The Inspiration for ‘Remainder’

the following post first appeared on REMAINDER’s book page. Having updated that part of the site, I am re-posting it here so that it can be read and archived.

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I wrote REMAINDER in response to a number of things. September 11. A  friend, who was also my daughters’ godfather, dying of pancreatic cancer. A desire to lift up a diverse community’s ability to get along, even during times of stress. Fracture lines don’t always have to be along lines of heritage.

It became a love story and a coming of age story and a story of life. What happens when ordinary people meet circumstances that exceed the boundaries of their power? What makes a good decision, and when the decision is good for one but bad for another, how do you choose?

Living in community, even when the goal is to be independent, means that somehow, some way, your decisions are going to affect and be affected by other people. What does it look like when we navigate that?  How does it play out?

Remainder, Tennessee is a small community – not even incorporated – inhabited by people who just want to live their lives their own way. The world has already made demands upon it in response to 9/11. And every resident has their own personal story. Into this delicate balance comes a steamrolling powerhouse intent on showing terrorists developing land into planned communities. Remainder stands as the final site, and Wilson Parker must acquire the land necessary for his company to build. How much land? All of it.

The residents of Remainder have decisions to make. Sell, or fight it. Even as they each  face personal critical points in their lives.

The end of one life, the coming of a new one, and the daily  struggle against the ghosts of past lives – like all of us, the residents of Remainder have things on their minds. How do they all cope? What becomes of the community?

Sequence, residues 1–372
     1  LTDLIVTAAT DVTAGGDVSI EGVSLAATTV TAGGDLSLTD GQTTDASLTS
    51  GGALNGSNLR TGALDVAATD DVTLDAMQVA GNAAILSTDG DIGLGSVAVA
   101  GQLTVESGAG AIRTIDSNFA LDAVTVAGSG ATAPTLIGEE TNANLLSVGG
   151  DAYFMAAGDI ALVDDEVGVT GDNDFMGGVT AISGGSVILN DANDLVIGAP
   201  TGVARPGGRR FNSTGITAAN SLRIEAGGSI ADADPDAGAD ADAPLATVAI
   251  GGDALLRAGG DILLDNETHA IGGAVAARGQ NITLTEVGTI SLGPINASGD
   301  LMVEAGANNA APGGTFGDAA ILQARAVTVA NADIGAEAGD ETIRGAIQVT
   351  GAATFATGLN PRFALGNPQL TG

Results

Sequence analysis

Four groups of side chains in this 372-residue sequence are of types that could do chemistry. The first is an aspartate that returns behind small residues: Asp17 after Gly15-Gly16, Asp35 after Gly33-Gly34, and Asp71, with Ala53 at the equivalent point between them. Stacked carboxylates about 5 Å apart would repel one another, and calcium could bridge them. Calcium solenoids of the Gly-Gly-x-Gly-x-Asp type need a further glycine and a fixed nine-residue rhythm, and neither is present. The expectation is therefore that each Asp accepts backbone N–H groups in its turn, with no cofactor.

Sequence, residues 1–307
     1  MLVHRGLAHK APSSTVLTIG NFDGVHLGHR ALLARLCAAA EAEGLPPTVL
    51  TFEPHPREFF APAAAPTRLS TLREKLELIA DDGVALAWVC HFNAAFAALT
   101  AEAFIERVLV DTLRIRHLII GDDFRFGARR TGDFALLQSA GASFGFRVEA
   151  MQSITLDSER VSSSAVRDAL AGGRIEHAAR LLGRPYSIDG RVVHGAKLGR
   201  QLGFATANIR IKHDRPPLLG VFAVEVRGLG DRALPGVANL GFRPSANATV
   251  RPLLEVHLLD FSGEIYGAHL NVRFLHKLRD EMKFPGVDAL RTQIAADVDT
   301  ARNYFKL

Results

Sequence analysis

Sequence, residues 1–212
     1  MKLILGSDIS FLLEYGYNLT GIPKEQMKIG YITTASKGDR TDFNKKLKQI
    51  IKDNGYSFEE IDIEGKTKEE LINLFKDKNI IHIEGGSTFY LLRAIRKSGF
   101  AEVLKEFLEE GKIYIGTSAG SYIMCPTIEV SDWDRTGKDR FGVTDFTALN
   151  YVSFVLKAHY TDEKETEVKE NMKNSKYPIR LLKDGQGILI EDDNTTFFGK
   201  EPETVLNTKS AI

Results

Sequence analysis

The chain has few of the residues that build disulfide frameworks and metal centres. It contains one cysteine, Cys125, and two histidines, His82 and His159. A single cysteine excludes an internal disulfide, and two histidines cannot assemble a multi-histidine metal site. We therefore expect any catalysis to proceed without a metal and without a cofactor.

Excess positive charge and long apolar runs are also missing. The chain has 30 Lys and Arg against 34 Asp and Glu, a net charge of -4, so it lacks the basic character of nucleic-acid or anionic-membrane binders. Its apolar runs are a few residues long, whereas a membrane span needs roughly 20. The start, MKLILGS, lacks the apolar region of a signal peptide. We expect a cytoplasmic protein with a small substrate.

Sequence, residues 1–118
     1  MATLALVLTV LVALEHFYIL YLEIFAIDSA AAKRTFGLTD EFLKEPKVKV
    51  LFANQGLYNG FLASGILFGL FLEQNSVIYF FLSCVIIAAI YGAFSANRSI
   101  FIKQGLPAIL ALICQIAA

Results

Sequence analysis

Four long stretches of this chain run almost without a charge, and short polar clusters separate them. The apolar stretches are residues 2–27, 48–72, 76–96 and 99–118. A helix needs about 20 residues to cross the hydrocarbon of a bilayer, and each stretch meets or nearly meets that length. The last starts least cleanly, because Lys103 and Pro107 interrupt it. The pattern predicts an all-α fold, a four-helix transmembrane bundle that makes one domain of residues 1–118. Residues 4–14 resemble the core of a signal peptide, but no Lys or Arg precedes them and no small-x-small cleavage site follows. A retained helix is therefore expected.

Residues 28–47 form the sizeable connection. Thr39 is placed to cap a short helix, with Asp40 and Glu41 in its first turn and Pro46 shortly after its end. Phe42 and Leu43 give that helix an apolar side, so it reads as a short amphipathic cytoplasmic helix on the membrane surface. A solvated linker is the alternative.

Read it to see what remains.

And the answer is…

The results are in. While it appears that my manuscript may have spent a little longer than some on the discussion table, ultimately Hallmark decided it was not suited to their needs.

Now, to be fair, I realized when I wrote it that a) maybe I just couldn’t write an excellent manuscript in that short a time and b) I had approached this from a direction that Hallmark doesn’t usually take. Which, honestly speaking, may have been my ace-in-the-hole excuse for if they didn’t accept it. We writers can be sneaky, even to ourselves.

Nonetheless, like any other writer, I was disappointed.

Strangely enough, I picked up the email during a meeting of one of the writing groups I attend. My son and my friend who leads the group noticed the less-than-pleased look on my face, so I had to share the news, and wound up telling the group at large. Their support was a big help. I’ve also fallen back on the promise I made to myself to simply market it elsewhere, so that is in the game plan. I’ll go over it first, a little more slowly, to see if I can spot something it needs. Then I’ll send it out again.

It’s one of the hardest things a writer can do, brand new or seasoned, keeping a book circulating until it finds a publishing home. I’m not counting those writers with such a following that they seem to have self-perpetuating contracts. After all, I want to hate those people. For most of writers, every new book is an adventure not only in writing but in marketing as well. Like our children, we don’t know where our books will end up. We do our best and just hope they’ll end up someplace good for both of us.

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Speaking  of not knowing where a book will end up…

A niece of  mine contributed one of my books to the ship library aboard a Princess cruise. My college roommate is planning on leaving a copy of another in the common room of the place they’ll be staying when they visit Ireland.  A third posted on Facebook  about reading boating mysteries at the waterfront, with a copy of my book in the picture. And another niece consistently passes along my posts and tweets, along with her own compliments of my books, because she likes them. There’s nothing like the support of family and friends. Special thanks to the ones who keep faithfully encouraging friends to read my work. It really helps.

 

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